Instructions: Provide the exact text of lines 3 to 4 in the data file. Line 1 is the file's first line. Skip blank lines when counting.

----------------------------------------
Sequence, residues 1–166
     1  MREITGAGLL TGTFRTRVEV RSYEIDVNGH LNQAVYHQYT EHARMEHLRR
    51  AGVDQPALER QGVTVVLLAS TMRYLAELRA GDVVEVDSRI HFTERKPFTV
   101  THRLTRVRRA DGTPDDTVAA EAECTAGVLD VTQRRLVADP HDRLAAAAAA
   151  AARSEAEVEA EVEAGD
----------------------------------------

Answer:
    51  AGVDQPALER QGVTVVLLAS TMRYLAELRA GDVVEVDSRI HFTERKPFTV
   101  THRLTRVRRA DGTPDDTVAA EAECTAGVLD VTQRRLVADP HDRLAAAAAA